That might seem backwards– knowledge is power, right? Surely, you might think, societies with writing would be better able to communicate across vast distances and give more people the opportunity for knowledge. However, that’s not what Feinman and Carballo found.
“If we take the cases of the most elaborate writing systems, like the Classic Maya, a lot of their writing was to convey messages between high status people,” says Feinman. “Because it’s a complex writing system, the number of people who could absorb it was restricted by wealth or class, and you were conveying to those people information that both legitimized your leadership role and may have expressed your relationship to other elites.” In this case, writing wasn’t a great equalizer, it was the opposite.
They also found that writing systems weren’t necessarily correlated with societies that needed to communicate with people far away. “I don’t think writing was primarily to convey messages to people over long distances. Most written texts were not portable at that time. If you wanted to convey information to a large number of people, they would come to a place and you’d have some sort of activity in that place, which would rely on mostly verbal speechifying,” says Feinman.
In previous work, Feinman (with colleagues) has shown that societies with big power imbalances tend to be the ones that are somewhat less sustainable, and that seems to align with the findings in this study. “In Mesoamerica I think it’s pretty clear that the more collectively organized polities with less quote-unquote ‘complex’ writing systems actually tend to be more endurable, more sustainable,” he says.
Another key finding of the study is that even when societies developed an elaborate writing system (like the Classic Maya), they didn’t always stick with it. “Technological adoption and spread are social processes,” says Feinman. “Technologies that seem to be more elaborate or ‘efficient’ are not always embraced or retained.”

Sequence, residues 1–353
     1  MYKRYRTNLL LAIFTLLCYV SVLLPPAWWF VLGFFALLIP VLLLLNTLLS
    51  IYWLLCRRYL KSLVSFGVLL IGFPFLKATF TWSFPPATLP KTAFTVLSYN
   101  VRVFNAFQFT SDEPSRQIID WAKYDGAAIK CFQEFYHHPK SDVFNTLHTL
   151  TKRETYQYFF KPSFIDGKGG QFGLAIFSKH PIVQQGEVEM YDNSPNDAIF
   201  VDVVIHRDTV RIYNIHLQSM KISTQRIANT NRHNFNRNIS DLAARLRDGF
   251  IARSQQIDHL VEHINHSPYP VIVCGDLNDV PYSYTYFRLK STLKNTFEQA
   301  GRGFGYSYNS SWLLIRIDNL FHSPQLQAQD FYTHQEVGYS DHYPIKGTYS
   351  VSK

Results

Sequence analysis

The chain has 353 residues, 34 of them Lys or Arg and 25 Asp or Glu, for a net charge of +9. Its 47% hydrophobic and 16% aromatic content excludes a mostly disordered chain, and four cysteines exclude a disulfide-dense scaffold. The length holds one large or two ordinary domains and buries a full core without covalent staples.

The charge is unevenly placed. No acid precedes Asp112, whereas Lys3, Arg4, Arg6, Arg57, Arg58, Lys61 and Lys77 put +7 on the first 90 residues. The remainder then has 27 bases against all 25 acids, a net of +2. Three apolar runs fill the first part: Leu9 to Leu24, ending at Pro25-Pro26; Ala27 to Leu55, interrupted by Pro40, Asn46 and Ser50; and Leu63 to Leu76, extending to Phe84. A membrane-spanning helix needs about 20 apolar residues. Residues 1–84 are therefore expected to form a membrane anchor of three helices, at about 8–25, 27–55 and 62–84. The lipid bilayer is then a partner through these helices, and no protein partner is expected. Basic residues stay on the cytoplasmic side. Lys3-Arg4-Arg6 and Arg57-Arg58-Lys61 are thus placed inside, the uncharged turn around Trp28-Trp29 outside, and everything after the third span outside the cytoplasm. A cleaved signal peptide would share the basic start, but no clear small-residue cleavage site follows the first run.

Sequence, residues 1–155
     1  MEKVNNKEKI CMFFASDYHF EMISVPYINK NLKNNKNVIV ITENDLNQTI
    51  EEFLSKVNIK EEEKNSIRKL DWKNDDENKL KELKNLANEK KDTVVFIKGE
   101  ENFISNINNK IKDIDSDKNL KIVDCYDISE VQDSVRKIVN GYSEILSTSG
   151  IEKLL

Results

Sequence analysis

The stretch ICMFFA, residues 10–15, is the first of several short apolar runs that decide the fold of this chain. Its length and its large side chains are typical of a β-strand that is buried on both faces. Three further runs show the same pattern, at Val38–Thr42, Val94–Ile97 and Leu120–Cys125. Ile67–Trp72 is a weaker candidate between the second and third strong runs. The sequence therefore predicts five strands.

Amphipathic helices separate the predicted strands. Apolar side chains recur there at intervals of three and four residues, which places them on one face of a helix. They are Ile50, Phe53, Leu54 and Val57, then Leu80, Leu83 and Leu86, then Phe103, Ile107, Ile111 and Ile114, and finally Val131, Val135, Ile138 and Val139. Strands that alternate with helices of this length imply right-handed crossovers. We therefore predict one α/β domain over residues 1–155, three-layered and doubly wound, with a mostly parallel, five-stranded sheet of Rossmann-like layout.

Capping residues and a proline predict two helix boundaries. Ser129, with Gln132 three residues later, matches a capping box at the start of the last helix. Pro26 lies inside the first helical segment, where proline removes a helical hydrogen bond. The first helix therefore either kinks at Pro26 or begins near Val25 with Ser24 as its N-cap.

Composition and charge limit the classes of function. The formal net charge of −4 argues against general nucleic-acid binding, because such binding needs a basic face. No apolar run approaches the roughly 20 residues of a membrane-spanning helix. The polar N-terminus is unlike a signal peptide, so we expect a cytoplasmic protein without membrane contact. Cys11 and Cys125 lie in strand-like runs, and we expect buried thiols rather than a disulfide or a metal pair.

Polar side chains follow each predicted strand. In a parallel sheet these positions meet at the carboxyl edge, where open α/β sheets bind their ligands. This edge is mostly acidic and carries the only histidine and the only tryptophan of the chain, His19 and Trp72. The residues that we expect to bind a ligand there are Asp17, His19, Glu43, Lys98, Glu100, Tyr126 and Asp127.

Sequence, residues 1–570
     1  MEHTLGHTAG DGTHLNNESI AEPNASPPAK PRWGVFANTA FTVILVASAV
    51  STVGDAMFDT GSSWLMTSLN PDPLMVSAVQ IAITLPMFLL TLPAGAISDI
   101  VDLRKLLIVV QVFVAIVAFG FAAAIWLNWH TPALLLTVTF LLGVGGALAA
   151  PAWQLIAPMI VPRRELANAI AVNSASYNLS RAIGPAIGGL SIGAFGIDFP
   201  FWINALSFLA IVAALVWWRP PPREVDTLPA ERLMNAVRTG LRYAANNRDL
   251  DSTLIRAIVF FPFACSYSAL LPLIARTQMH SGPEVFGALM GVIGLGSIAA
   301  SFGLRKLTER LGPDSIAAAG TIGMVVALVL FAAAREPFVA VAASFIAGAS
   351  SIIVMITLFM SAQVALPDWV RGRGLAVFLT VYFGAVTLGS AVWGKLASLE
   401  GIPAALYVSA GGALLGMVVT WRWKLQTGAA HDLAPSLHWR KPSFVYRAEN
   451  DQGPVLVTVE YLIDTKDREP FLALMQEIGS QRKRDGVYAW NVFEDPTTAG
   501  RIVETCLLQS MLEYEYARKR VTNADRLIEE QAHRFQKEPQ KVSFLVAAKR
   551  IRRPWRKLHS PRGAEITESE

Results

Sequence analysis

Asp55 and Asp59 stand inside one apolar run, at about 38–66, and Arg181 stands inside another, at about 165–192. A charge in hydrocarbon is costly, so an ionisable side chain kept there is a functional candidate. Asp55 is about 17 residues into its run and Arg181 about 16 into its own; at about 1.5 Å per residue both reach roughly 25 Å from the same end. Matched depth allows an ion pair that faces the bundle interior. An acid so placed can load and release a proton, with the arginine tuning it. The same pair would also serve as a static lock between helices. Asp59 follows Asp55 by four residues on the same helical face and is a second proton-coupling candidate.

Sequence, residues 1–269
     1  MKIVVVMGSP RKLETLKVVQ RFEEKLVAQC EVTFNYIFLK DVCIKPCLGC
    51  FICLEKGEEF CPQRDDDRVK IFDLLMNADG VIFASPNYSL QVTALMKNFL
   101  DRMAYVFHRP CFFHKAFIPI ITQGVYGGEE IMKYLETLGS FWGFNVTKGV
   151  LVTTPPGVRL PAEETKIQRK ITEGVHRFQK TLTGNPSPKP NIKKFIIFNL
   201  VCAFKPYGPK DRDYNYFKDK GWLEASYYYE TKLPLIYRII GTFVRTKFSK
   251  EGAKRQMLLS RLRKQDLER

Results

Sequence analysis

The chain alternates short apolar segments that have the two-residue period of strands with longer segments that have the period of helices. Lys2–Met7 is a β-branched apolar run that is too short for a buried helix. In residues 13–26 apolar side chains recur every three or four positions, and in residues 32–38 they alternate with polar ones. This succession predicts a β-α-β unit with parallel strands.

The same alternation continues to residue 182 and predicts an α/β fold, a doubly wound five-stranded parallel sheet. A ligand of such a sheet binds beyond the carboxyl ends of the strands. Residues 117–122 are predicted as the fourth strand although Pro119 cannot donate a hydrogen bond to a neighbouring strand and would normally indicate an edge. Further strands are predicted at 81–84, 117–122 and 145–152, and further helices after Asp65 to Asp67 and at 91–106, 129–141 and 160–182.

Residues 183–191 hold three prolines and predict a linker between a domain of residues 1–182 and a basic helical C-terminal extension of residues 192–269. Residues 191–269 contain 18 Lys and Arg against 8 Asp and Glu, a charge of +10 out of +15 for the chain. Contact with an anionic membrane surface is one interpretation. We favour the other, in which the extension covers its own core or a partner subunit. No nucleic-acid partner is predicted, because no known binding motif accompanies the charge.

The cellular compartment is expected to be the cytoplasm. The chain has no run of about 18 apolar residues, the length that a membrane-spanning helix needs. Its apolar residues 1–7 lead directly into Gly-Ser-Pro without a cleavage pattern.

“The study is important in a broader context of understanding the human past in showing that the evolution and spread of technologies, including in communication and computation, don’t always happen in a linear way,” says Carballo. “They are developed and adopted or rejected by people within specific social and historical contexts.”
The researchers aim to reframe the way that archaeologists look for and define social complexity. “I think it’s important not just to look at the presence-absence or elaborateness of communication systems, but it’s important to look at who communicated with who and the kinds of messages sent,” says Feinman. “The study illustrates the importance of how we’re organized. Humans are a really unique combination of being really good cooperators but also selfish. Our work helps show the complexity of that balance, which underpins the ebbs and flows of human history.”
IMAGE CREDIT: Linda M. Nicholas, Field Museum